July 14, 2004

A Swing and A Miss

The beauty of studying English Lit. is the wealth of interpretations that individual readers bring to the work. Argument, analysis and exegesis help us to refine these interpretations and add levels of enjoyment and intellectual stimulation to our reading experience. That, to me, is really what the discipline is all about, and it explains the appearance of modern Lit. Theory and its various schools.

But as with anything good and interesting, excess tends to creep in, and when the folks in charge aren't vigilant, well, the whole thing just gets silly.

Here's an example of the silly, which only adds fuel to the "anything goes nowadays in English, so why even bother with the discipline" argument. Thrill to the diametrically opposed analyses of the work that both somehow miss the point! Gasp at the underlying, "it's all about FRANCE!" attitude in criticisms of a british work of fiction! Have a beer with Irony while re-reading Prisoner of Azkaban! And then continue with your life, secure in the knowledge that no matter what your flaws, you've never been publicly connected to a treatise arguing that a series of fantasy novels are preaching anti-globalization.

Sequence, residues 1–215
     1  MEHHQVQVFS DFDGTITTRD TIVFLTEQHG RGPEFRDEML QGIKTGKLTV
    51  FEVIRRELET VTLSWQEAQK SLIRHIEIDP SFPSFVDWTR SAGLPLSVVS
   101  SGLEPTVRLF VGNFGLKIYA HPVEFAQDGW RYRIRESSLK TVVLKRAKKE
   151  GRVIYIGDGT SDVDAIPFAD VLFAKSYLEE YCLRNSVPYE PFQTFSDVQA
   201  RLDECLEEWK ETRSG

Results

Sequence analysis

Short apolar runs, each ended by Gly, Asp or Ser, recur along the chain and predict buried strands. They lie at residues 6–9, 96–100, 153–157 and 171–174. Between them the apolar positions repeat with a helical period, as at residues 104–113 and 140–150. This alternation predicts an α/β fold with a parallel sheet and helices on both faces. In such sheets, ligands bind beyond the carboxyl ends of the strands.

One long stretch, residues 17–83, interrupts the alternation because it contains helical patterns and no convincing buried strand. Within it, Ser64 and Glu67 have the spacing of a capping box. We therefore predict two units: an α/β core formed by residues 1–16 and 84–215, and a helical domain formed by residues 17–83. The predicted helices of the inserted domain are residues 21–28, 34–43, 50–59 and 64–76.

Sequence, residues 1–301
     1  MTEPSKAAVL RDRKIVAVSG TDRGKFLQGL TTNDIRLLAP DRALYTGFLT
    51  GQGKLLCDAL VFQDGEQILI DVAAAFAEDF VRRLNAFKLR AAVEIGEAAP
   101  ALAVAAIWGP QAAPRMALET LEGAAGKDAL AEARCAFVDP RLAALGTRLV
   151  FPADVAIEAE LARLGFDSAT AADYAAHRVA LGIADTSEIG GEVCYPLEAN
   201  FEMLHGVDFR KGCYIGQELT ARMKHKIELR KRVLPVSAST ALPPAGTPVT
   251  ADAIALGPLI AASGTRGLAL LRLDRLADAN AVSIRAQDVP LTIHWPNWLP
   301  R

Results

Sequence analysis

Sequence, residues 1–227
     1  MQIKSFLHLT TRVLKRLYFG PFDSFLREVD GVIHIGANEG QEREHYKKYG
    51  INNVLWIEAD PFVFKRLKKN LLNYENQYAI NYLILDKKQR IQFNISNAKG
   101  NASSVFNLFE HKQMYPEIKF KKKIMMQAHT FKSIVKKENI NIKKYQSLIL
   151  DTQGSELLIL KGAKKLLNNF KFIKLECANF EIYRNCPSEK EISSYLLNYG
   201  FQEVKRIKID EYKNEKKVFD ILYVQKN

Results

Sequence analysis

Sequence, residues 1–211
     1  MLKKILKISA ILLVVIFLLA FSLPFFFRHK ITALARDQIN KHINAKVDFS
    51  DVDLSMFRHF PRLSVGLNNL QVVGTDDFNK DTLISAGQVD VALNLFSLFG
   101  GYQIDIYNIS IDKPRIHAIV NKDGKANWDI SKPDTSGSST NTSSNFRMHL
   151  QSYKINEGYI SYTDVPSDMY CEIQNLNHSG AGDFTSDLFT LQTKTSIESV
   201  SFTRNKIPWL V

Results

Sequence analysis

Actually, I think we should start a new school of Lit Theory, called the reader's reader response, in which we read literary criticisms with an eye toward a greater understanding of the motives and biases of the critique's writer, not the work of literature being analyzed. At least it would be interesting, and about as accurate as what folks are doing nowadays in "real" literary theory.

Posted by Big Arm Woman at July 14, 2004 09:59 AM